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Florida Is First U.S. State To Ban Central Bank Digital Currency
Mathew D. Staver and  Anita L. Staver

FORT MYERS, FL – Governor Ron DeSantis signed a first-of-its-kind legislation last week banning the use of a federally-adopted Central Bank Digital Currency (CBDC) in Florida to protect the freedom of Florida residents. Additionally, the bill also prohibits the use of foreign CBDCs in the state. 

Gov. DeSantis said in a press release that the bill is meant to prevent “government overreach” from controlling one’s personal finances and “to protect consumers against globalist efforts to adopt a worldwide digital currency.” SB 7054, which passed in the legislature with strong bipartisan support, revised the definition of money in Florida’s Uniform Commercial Code, the state’s governing laws for commercial transactions, to exclude any CBDC. 

On March 9, 2022, the Biden administration issued an executive order to explore a federal CBDC. Unlike other digital currencies like cryptocurrency or bitcoin, a CBDC would be directly controlled and issued by the government, potentially giving it the ability to see all consumer activity and control what a person can buy or sell. While the U.S. government has yet to formally announce the creation of a federal CBDC, the White House released in September 2022 a framework to guide the “responsible development of digital assets,” which places an urgency on developing a CBDC should it “be deemed in the national interest” to issue one.

“The Biden administration’s efforts to inject a Centralized Bank Digital Currency is about surveillance and control,” said Gov. DeSantis upon first announcing the bill on March 20. “…the reckless adoption of a ‘centralized digital dollar’…will stifle innovation and promote government-sanctioned surveillance.” He further noted that a federal CBDC would “diminish the role of community banks and credit unions in our financial system as CBDC currency would be a direct liability of the Federal government, rather than of a chartered financial institution, shrinking market lending power.”

Upon signing the bill, Gov. DeSantis said, “Biden’s Central Bank Digital Currency aims to increase government control over people’s finances, and we will not allow it. In Florida, we value personal freedom and won’t allow self-interested elites to chip away at our liberty.”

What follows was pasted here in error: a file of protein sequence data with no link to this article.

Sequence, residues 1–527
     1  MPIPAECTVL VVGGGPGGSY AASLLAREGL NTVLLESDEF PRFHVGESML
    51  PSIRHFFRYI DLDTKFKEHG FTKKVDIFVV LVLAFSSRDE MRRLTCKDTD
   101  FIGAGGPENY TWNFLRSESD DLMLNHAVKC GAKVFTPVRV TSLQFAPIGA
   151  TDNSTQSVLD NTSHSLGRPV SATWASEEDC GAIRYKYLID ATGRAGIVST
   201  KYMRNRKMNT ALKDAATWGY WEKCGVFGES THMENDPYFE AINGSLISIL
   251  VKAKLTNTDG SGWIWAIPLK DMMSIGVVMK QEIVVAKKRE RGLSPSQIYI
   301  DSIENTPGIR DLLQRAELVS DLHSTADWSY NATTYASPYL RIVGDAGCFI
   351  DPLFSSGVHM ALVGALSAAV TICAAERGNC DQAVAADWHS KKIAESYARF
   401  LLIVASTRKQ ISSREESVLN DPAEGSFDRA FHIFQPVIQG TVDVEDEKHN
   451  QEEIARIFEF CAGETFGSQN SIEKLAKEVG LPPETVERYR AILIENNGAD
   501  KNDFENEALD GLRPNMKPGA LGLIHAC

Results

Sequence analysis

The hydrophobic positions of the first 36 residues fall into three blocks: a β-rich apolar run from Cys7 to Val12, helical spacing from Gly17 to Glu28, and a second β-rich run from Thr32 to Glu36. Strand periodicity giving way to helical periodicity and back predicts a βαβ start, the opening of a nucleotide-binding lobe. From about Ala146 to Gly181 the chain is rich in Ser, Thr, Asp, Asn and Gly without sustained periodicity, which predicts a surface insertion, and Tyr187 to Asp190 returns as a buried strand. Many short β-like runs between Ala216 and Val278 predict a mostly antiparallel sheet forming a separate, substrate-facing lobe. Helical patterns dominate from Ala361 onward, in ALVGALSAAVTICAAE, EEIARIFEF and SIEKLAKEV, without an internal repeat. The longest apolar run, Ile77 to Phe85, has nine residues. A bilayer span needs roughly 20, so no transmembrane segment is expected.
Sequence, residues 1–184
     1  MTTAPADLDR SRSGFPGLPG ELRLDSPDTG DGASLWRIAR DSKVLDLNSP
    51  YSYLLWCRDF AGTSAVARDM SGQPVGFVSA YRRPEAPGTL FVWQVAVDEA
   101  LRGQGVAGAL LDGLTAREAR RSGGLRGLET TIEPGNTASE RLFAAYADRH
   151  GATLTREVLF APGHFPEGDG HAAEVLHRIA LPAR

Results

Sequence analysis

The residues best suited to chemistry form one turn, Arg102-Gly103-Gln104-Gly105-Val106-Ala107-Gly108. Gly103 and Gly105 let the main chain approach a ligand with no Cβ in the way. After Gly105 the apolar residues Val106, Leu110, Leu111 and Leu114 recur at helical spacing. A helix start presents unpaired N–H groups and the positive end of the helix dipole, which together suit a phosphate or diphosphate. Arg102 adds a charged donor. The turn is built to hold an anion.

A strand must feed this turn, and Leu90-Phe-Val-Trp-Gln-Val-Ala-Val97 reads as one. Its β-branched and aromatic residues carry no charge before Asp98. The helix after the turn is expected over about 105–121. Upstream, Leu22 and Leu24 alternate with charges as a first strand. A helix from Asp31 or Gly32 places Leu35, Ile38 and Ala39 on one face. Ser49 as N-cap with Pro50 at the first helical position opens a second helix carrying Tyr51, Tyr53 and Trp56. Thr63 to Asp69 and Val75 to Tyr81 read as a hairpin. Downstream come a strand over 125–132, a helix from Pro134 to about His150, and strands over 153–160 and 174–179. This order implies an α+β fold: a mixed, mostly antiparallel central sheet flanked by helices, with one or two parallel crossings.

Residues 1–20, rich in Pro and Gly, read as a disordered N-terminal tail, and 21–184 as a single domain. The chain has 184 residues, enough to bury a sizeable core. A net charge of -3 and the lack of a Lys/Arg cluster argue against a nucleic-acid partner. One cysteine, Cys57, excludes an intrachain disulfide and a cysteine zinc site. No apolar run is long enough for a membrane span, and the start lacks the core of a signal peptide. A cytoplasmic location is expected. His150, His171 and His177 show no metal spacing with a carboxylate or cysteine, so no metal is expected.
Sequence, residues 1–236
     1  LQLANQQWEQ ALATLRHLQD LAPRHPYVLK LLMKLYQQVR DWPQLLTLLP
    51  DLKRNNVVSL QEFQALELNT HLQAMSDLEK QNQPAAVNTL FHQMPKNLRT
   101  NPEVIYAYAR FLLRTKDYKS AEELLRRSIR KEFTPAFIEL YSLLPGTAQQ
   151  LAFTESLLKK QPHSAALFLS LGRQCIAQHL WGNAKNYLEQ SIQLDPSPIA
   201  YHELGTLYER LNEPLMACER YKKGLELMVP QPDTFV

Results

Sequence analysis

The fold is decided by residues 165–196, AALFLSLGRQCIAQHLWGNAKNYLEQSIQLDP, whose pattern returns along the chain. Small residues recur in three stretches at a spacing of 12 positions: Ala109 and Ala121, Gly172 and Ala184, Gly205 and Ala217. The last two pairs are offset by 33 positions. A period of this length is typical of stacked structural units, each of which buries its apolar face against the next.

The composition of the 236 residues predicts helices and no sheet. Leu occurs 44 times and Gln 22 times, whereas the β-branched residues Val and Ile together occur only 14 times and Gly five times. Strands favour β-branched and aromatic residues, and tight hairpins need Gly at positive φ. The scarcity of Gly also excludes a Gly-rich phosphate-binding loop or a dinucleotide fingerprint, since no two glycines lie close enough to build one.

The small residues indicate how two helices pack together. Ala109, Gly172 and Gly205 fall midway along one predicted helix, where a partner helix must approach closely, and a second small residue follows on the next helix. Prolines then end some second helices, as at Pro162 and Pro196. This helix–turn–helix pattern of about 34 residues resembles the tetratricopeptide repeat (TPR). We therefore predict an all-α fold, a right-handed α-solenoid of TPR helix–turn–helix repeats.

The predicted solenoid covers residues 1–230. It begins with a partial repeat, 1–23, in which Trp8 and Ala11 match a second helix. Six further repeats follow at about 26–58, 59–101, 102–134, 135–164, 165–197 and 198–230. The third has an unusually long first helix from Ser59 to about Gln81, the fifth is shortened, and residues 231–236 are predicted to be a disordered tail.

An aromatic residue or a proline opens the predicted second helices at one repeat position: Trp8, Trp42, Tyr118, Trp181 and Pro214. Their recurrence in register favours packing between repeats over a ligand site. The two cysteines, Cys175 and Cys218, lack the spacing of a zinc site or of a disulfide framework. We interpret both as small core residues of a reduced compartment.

While the Biden administration explores creating a CBDC, the U.S. Federal Reserve would need authorization from the U.S Congress to formally make it legal tender and issue it to Americans. Article 1, Section 8 of the U.S. Constitution gives the power to Congress “to coin money” and “regulate the value thereof.” Since Florida’s state-level legislation is the first of its kind and takes aim at a potential federal-level currency, the legal implications are unclear whether the ban would legally withstand a federal mandate to use a CBDC.

Liberty Counsel Founder and Chairman Mat Staver said, “We commend Governor Ron DeSantis and the Florida legislature by providing a model for the U.S. Congress and other states in how to protect against Central Bank Digital Currencies. Digital currencies have one single purpose which is ultimate control over law-abiding citizens. Digital currency is programmable, and once fully implemented, it would give the government tracking and control over peoples’ purchases, actions, and movements. The financial freedom of all Americans is under attack and leaders across the nation need to act to defend the American people from digital currencies.”

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Liberty Counsel's Board of Directors is responsible for setting policies and for oversight of the organization. Senior Pastor, Founder and Chairman Mathew D. Staver and President Anita L. Staver, both of whom are attorneys, lead a talented and dedicated group of attorneys and staff. In addition to being a recognized Constitutional attorney and former Dean and Professor of Law of an accredited law school, Mat Staver is also a pastor. He reads Hebrew, Greek, Aramaic, and Syriac.


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